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U.S., North Korea find common ground with Philharmonic

Wednesday, February 27, 2008

(Photo)
North Korean members of the audience applauded the New York Philharmonic on Tuesday during a concert in Pyongyang, North Korea.
(David Guttenfelder ~ Associated Press)
PYONGYANG, North Korea -- The New York Philharmonic's unprecedented concert could herald warmer ties between North Korea and the United States. After three encores, some musicians left the stage in tears as the audience waved.

Between horn fanfares and the flourishes of the conductor's baton, the U.S. and North Korea found common ground in a concert Tuesday that spanned American and Korean musical traditions.

Whether the feeling lingers after the music will depend on the North's compliance with an international push to rid it of nuclear weapons.

After the New York Philharmonic played the last notes of the folk song "Arirang," the audience stood and applauded enthusiastically, waving to the musicians.

Orchestra members -- some moved to tears -- paused with their instruments and waved back. The concert that was the highlight of the Philharmonic's 48-hour visit.

The crowd drew music director Lorin Maazel and concertmaster Glenn Dicterow out for a final bow after the rest of the ensemble left the flower-adorned stage at the East Pyongyang Grand Theater.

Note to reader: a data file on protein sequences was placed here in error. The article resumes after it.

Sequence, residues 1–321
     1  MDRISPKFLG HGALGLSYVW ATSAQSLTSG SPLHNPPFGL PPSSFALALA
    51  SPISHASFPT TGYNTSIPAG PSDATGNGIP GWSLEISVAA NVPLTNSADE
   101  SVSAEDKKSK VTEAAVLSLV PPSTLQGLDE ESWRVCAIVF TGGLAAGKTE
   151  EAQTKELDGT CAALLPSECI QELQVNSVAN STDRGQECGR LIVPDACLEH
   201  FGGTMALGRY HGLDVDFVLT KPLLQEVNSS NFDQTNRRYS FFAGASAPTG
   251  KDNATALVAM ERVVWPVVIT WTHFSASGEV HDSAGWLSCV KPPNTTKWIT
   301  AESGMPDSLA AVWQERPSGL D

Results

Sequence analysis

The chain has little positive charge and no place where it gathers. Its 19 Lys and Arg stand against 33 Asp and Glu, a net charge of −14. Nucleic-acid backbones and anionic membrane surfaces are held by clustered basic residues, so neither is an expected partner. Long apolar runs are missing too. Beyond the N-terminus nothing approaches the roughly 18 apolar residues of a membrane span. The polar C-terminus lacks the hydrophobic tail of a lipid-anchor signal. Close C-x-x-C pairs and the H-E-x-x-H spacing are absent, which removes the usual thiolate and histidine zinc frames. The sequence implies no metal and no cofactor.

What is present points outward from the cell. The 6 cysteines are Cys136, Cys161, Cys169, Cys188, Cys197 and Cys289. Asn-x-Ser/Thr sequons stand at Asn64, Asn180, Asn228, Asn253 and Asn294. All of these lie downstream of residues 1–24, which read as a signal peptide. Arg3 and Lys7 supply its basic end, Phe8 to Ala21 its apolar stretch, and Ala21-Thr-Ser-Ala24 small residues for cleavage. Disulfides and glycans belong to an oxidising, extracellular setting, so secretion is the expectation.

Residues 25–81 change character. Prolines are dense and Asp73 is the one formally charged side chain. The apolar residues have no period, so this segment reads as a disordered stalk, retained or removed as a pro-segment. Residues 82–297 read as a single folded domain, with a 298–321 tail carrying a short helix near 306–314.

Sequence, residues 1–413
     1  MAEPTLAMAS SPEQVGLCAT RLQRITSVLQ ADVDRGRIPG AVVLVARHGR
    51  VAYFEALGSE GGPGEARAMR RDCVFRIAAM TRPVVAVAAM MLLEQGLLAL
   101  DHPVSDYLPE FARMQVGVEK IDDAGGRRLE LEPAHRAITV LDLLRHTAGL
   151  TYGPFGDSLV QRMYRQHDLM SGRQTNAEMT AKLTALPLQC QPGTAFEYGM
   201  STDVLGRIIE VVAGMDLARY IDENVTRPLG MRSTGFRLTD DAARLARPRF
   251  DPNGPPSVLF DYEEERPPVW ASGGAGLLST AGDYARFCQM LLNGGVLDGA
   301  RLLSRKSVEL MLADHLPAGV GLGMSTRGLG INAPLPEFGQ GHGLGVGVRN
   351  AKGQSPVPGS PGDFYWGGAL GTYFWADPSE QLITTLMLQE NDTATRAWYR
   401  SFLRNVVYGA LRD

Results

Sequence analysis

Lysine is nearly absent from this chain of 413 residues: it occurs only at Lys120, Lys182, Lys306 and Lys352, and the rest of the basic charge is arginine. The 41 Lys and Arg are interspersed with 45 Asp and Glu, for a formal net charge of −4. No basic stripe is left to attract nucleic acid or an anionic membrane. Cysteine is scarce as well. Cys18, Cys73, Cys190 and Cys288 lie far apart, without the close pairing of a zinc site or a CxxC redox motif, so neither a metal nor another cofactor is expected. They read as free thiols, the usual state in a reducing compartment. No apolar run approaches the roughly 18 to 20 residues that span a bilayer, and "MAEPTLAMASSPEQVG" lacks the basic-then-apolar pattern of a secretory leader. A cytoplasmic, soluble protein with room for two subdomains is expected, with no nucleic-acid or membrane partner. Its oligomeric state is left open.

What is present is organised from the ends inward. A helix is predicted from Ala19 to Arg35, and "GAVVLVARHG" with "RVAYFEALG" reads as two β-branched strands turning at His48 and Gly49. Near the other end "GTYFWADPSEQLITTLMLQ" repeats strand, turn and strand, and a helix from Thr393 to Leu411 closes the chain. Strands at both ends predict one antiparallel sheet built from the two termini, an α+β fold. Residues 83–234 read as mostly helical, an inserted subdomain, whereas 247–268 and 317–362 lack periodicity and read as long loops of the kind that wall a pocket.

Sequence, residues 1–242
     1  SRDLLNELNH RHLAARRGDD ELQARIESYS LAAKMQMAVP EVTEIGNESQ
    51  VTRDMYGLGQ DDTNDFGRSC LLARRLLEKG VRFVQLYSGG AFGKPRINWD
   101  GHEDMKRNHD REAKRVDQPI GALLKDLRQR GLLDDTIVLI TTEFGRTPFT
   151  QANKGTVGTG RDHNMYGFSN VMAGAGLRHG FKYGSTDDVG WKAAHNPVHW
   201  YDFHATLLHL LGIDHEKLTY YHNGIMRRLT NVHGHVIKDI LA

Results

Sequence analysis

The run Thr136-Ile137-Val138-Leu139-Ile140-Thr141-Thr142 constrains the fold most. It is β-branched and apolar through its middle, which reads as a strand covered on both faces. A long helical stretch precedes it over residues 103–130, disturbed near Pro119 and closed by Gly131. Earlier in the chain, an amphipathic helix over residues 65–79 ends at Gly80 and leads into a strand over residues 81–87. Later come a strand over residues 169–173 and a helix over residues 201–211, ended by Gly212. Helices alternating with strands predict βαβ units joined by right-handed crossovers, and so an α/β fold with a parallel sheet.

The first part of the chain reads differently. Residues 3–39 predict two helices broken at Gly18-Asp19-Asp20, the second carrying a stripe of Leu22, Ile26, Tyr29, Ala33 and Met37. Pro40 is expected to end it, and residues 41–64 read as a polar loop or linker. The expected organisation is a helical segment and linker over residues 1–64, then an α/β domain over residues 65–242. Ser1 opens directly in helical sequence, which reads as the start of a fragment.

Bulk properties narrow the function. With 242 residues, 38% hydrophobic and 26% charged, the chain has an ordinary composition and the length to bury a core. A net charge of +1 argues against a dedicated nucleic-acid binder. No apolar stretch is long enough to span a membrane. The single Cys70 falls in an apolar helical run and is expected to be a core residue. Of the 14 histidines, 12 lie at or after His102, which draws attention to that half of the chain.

The concert was broadcast live on North Korean TV, meaning it was heard beyond the 2,500 people in the theater. North Korean leader Kim Jong Il, one of the world's most reclusive leaders, did not attend; there was no way to know whether he watched.

"We may have been instrumental in opening a little door," Maazel said after the performance.

He dismissed the significance of Kim's absence, saying: "I have yet to see the president of the United States at one of my concerts. Sometimes a statesman is too busy."

Former U.S. defense secretary William Perry attended the performance and called it a "historic moment," remembering how close the countries came to war in 1994 amid a crisis over the North's nuclear program.

"This might just have pushed us over the top" in finding a way beyond past discord, he said after the concert, adding that Washington should reciprocate by inviting North Korean performers to the United States.

"You cannot demonize people when you're sitting there listening to their music. You don't go to war with people unless you demonize them first," Perry said.

North Korea's vice culture minister agreed.

"I can say that through the concert tonight, all the members of the New York Philharmonic opened the hearts of the Korean people," Song Sok Hwan told the orchestra. The concert, he said at a banquet, "serves as an important occasion to open a chapter of mutual understanding between the two countries."

Performing on a stage flanked by the U.S. and North Korean flags, the Philharmonic played the North Korean national anthem, "Patriotic Song," following by "The Star-Spangled Banner." The audience stood respectfully and held their applause until both had been performed.

After the Philharmonic, a rock concert could be in the works -- officials at North Korea's embassy in London confirmed Tuesday they had invited British guitarist Eric Clapton to play in Pyongyang.

However, Clapton spokeswoman Kristen Foster said there is no agreement for him to perform in North Korea.


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